Greek economy

Greece street

Could reforms have prevented Greece’s economic collapse?

Yiannis Mouzakis via Macropolis | Greece’s economic collapse in 2010-2013 has become legendary. The country had already been hit hard by the global financial crisis in 2009, when it posted a sharp GDP drop of -4.3 percent. This set the stage for what would become the deepest economic contraction of a developed country in history. But would the implementation of structural reforms have helped alleviate this situation?



Greek PM Alexis Tsipras

Greek talks in chaos

MADRID | June 1, 2015 | By JP Marín ArreseWhen Tsipras took over matters from Varoufakis a couple of weeks ago, observers were mildly optimistic about the prospect of Greece reaching a fair deal with its creditors. But yesterday’s remarks by the Hellenic PM on the ‘absurd’ demands filed by his counterparts has dealt a heavy blow to such hopes. The chances of broking an agreement are far away and there are  increasing doubts over the ability to reach an understanding before it is too late. 


kostas karamanlis

Kostas Karamanlis as comeback kid?

ATHENS | May 23, 2015 | By Nick Malkoutzis via MacroPolis | A number of eyebrows were raised last week when an opinion poll suggested that former Prime Minister Kostas Karamanlis, who oversaw Greece’s fiscal derailment between 2004 and 2009, is the most popular candidate to take over from Antonis Samaras as New Democracy leader. 


Greek debt

How Greece kept its budget on track in Q1

ATHENS | May 11, 2015 | By Manos Giakoumis via MacroPolis Recent Greek budget data showed the huge revenue gap of 968 million euros recorded in January narrowed to 389 million by the end of the first quarter (Q1) of 2015. At the same time, primary expenditure, which was just 53 million better than target in January, displayed a strong outperformance of 1.18 billion by the end of March.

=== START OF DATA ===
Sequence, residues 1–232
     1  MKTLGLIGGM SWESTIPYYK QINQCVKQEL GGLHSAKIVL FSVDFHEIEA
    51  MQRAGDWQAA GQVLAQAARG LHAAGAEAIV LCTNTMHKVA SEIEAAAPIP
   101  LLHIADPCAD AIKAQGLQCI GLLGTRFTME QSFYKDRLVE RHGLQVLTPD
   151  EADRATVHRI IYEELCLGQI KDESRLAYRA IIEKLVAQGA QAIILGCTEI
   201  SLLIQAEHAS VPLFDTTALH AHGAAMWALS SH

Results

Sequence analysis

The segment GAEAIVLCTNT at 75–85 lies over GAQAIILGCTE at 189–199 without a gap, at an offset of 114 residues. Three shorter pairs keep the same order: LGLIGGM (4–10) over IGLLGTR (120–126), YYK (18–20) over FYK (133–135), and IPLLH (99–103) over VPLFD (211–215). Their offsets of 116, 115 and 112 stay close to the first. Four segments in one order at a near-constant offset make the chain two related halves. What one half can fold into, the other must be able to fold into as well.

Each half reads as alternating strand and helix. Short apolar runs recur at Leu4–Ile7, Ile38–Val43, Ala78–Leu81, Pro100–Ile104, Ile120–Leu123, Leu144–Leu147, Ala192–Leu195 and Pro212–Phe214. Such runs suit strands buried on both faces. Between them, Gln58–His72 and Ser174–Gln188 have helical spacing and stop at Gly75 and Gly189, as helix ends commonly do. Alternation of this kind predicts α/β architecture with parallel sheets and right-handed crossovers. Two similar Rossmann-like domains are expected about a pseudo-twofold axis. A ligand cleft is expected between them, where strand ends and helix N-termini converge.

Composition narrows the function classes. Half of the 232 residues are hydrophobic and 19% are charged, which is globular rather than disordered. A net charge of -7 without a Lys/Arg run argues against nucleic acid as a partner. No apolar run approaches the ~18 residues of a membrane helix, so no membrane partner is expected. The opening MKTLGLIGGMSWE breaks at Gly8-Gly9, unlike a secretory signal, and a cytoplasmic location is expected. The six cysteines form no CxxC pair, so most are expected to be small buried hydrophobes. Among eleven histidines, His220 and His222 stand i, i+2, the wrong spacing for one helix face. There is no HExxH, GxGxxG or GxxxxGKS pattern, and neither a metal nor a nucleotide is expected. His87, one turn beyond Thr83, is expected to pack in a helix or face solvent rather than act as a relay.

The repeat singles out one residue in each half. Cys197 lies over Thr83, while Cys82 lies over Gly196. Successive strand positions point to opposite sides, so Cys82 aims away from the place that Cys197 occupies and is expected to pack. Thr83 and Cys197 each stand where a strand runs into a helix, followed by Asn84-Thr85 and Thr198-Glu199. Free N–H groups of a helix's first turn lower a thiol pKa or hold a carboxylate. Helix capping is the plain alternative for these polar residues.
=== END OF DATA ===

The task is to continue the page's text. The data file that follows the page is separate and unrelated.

Greece and its lenders: Where do you start?

Greece and its lenders: Where do you start?

ATHENS | April 8, 2015 | By Nick Malkoutzis via MacroPolis | Since it was first recorded in 1944 by American public administrator David Lilienthal, the following anecdote has been told many times and in many ways: A traveller asks a local man for directions and, after much thought, the latter turns to the visitor and says: “My friend, I tell you; if I were you, I wouldn’t start from here.” As Greece and the eurozone remain some distance apart on how to conclude their bailout negotiations, it seems a good time to return to this tale.



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The education of Alexis Tsipras

ATHENS | March 3, 2015 | By Nick Malkoutzis via MacroPolisThere was a defining moment in the recent election campaign. It wasn’t New Democracy’s decision to go full negative by running a campaign ad that suggested Armageddon was around the corner. Nor was it To Potami’s claim that it would unveil its plan for reaching an agreement with Greece’s lenders after the elections. Instead, it came on a mild Thursday night in Omonia Square.


pause break

Greece: A pause in uncertainty but for how long?

ATHENS | By Nick Malkoutzis via MacroPolisIs Friday’s agreement at the Eurogroup a good deal for Greece? In some respects it is but in more respects it is not. Above all, the four-month agreement leaves Greece walking an economic and political tightrope over the next four months without knowing what lies at the end of it. 


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Samaras strays out of line in search for new normal

ATHENS | By Nick Malkoutzis | Prime Minister Antonis Samaras has a habit of defending his government by saying that his aim is to make Greece “a normal European country.” Whatever he may mean by this and however genuine he may be in wanting Greece to recover from its long crisis, this is an infuriatingly patronising comment. Intentionally or not, it aligns Greece’s prime minister with all the cranks in Europe and Greece’s misinformed critics beyond who view the country as some kind of basket case.